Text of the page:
ably assemble to pick up what they can, and in that fact we probably have the remainder of the foundation of the story.
is probable, also, that the story by Pliny and other early writers, of
the diamond being softened by the blood of a he-goat, had its origin in
to whether these or other diamond mines in India could be profitably
worked again I cannot now discuss here ; but I may say that I do not
believe that they can be truly described as being exhausted.
The Diamond Mines of Borneo.
In the Colloquies of Garcia da Orta, in the Travels of Linschoten, in the works of De Boot1 and De Laet,2
and in many treatises on precious stones, up to some of those most
recently published, we find, as has already been stated in the note on
p. 67, that Malacca is mentioned as a locality where diamonds occur.
This was for a long time a sore puzzle to me, especially as among
modern writers on Malacca, with the exception of Miss Bird,3
none claimed that Malacca was known to be a diamond producing country,
while some local inquiries which I made through the late Mr. W. Wynne,
of the Straits Civil Service, confirmed an opinion, founded on the
character of the geological structure, that probably none had ever been
solution of the difficulty is afforded by the fact that the name
Malacca was applied by the early Portuguese writers to Borneo, and that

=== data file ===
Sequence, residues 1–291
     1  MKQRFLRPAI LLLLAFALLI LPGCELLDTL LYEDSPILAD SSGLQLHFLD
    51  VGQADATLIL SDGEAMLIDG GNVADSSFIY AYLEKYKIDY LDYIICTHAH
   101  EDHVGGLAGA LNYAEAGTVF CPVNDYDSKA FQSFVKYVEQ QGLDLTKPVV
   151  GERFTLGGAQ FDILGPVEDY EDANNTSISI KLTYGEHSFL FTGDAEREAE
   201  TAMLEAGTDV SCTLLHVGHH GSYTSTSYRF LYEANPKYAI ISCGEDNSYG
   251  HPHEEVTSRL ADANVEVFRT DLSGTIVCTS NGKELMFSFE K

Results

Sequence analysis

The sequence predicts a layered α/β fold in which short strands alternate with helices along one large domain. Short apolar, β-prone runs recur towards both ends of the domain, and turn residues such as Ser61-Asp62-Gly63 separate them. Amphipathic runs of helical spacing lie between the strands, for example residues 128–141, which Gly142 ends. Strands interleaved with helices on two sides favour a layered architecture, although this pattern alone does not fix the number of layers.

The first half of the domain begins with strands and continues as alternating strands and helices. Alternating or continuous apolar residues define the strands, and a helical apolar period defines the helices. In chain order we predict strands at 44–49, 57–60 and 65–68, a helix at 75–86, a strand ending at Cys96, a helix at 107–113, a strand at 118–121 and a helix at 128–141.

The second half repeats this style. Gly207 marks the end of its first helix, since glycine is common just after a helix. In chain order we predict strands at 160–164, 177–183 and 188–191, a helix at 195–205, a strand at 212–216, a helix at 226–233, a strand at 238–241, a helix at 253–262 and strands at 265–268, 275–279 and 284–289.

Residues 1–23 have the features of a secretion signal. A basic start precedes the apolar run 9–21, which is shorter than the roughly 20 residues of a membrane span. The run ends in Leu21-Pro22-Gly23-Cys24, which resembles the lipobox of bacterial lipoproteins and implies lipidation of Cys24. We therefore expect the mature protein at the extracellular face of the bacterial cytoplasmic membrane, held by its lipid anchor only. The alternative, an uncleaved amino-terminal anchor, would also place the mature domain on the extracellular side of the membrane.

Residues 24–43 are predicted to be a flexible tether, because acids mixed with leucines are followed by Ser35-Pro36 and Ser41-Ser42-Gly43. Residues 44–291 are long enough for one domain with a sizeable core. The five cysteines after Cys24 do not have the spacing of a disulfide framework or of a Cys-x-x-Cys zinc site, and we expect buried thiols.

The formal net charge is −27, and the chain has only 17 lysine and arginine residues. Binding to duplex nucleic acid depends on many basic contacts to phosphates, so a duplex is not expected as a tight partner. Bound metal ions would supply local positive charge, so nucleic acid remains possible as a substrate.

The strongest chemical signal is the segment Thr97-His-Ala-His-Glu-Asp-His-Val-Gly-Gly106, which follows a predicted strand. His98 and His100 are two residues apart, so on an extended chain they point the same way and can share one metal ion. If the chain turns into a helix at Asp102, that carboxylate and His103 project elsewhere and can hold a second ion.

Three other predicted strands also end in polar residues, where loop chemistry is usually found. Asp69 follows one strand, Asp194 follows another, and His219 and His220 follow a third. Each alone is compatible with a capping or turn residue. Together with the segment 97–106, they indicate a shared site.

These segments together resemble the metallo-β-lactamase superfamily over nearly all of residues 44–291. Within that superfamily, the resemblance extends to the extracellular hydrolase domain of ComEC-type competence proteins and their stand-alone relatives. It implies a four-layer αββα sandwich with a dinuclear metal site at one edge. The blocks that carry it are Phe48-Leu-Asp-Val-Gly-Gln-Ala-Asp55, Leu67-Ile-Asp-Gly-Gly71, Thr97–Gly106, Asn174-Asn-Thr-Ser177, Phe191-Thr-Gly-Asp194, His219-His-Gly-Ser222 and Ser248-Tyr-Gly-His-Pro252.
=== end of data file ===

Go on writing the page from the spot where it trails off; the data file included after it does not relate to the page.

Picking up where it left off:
the Taniapura which they mention was Tanjongpura in Borneo.
am indebted to Mr. D. F. A. Hervey for the information tliat Tanjong
pura (the Tandjong Poera of the Dutch) is situated about 30 miles up
the river Pawän in the northern part of the Mätan District, adjoining
Sukadana. The name, he states, is a hybrid, Tanjong being the Malay for
a point (of land), and pura a Malayan version of the Sanskrit pur, a
Such is the true explanation, and not that Malacca was
1 De Lapidi, et Gemm., 3rd
ed., by De Laet, Lug. Bat. 1647, p. 121. When enumerating the
localities where the diamond is obtained, he says, ' Alia est rupes ad
fretum Tanian in Malacca que etiam profert ada-mantes qui de rupe
veteri vocantur '. De Boot's original work was published in 1609.
2 De Gemm. et Lapidi., Lug.
Bat. 1647, p. 2, ' Juxta fretum Taniapurae haud longe ab Emporio
celeberrimo Malacca alia earumdem gemmarum fodina est linde vulgo
Malacenses appellanti» '.
3 The Golden Chersonese, 261.